Hackaday reader [grenadier] is working on a series of beginner’s electronics tutorials, and this week’s entry covers wiring. He discusses wire types, gauges, and even provides a nifty self-computing chart that calculates power loss based on the length and gauge of the selected wire. Before wrapping things up, he briefly touches on fuses and the pitfalls of choosing wire that’s not up to the task at hand. While you’re over there looking over his tutorial, be sure to check out the Junkbox, there’s plenty of awesome stuff to be had!

Pulse Width Modulation with microcontrollers

Those following the ProtoStack tutorials will be happy to hear that there is a new installment which explains Pulse Width Modulation. If you’ve never heard of PWM before, it’s a method of generating a signal that is logic 1 for a portion of the time and logic 0 for the remainder of the time. It is the most commonly used method for dimming an LED, and that’s [Daniel's] example in this tutorial. But you’ll also find it used in many other applications such as servo motor control and piezo speaker control.

[Daniel] starts off with a brief explanation of duty cycle, then moves on to some examples of hardware and software PWM. Many of the AVR microcontrollers have a hardware PWM feature that allows you to configure a pin that toggles based on a target timer value. This is demonstrated using an ATmega168, but a method of using interrupts and your own code is also covered in case you don’t have a hardware PWM pin available.

A beginner’s guide to LED matrices

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[Rajendra Bhatt] wrote in to share a tutorial he put together demonstrating the basics of using LED dot matrix displays. While this subject might be old hat to many out there, his helpful walkthroughs are geared more towards beginners who are exploring various electronics concepts for the first time.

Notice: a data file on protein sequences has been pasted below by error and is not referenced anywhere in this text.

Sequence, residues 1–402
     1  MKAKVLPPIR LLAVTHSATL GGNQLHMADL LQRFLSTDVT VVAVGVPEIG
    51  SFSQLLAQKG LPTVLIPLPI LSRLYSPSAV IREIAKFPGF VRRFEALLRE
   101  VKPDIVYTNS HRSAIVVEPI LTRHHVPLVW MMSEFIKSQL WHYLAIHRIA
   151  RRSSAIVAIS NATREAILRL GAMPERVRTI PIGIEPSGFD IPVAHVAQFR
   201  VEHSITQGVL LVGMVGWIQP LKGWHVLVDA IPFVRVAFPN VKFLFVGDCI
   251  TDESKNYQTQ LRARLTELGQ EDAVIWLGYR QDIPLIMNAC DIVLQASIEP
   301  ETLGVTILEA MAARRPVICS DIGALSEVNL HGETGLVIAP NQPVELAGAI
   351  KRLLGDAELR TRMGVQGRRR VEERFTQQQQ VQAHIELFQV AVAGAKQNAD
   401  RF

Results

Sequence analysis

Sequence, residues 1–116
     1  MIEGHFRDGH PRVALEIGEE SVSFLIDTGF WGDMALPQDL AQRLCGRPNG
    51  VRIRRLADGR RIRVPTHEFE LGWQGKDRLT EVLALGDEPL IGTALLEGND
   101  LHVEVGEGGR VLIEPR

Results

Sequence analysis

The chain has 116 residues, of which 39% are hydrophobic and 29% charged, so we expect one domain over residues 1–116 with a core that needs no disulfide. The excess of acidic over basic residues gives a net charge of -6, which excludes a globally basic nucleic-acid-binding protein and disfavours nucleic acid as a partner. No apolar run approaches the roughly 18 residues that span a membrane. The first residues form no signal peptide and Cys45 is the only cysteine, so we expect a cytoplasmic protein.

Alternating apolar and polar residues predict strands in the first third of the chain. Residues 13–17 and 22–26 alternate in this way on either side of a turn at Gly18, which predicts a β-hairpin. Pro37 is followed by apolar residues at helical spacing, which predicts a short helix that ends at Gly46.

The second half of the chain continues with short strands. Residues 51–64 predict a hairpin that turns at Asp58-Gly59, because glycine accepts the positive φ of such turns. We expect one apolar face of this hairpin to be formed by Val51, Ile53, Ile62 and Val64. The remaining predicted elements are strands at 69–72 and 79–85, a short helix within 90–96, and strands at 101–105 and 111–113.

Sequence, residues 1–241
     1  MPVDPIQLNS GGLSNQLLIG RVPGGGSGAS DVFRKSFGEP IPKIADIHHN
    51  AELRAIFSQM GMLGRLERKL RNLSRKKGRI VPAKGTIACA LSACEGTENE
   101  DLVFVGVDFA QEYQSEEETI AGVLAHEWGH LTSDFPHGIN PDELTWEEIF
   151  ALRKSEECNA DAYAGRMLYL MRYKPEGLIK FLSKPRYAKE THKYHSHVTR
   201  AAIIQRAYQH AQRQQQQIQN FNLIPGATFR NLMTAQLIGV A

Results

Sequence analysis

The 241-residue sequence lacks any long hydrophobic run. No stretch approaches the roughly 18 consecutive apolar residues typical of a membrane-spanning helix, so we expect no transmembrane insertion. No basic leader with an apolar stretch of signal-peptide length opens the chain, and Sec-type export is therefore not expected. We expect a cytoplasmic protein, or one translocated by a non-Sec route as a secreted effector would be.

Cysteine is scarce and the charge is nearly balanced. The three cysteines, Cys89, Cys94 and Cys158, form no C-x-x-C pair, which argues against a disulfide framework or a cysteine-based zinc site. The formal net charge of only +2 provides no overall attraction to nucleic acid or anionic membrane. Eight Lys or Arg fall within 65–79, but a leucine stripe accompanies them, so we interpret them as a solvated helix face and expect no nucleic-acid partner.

He explains the theory behind LED displays using a PIC-driven 5×7 matrix as an example. He discusses persistence of vision and how tricking the human eye can save you quite a bit of time and a whole lot of pins. Multiplexing is broken down into its most basic steps, which [Rajendra] illustrates by showing how a letter would be drawn on the LED display one column at a time. The use of a ULN2803A Darlington Array is also discussed, and he details why it is used when pulling the five columns of LEDs to ground.

The only portion of the tutorial we thought could be expanded upon was the programming section. While he does show how each letter of the alphabet can be displayed via a series of five hex values, he does not cover the “why” part of the process. Obviously while anyone familiar with binary and hex can figure it out in pretty short order, we think that it would be a great place to pause and expand the readers’ knowledge even more.

Overall it’s a useful tutorial, and most beginners would likely find it quite helpful.

Make presents: The Multimeter

This video falls under the category of things we want to send people when they ask “how do I get started with electronics”, and we get asked that a lot. For those of you who have been working with electronics for years at all, you can skip this entire video. That is, unless you really want to watch an instructional video on multimeters. In the video, which we’ve included after the break, they talk about the differences between different meters, the common uses and how to actually use the meter to get the results you need. Stuffed full of useful information, this video will get those of you who are still reading up to snuff pretty quickly. Now go use your multimeter to do some hacking!

[Read more...]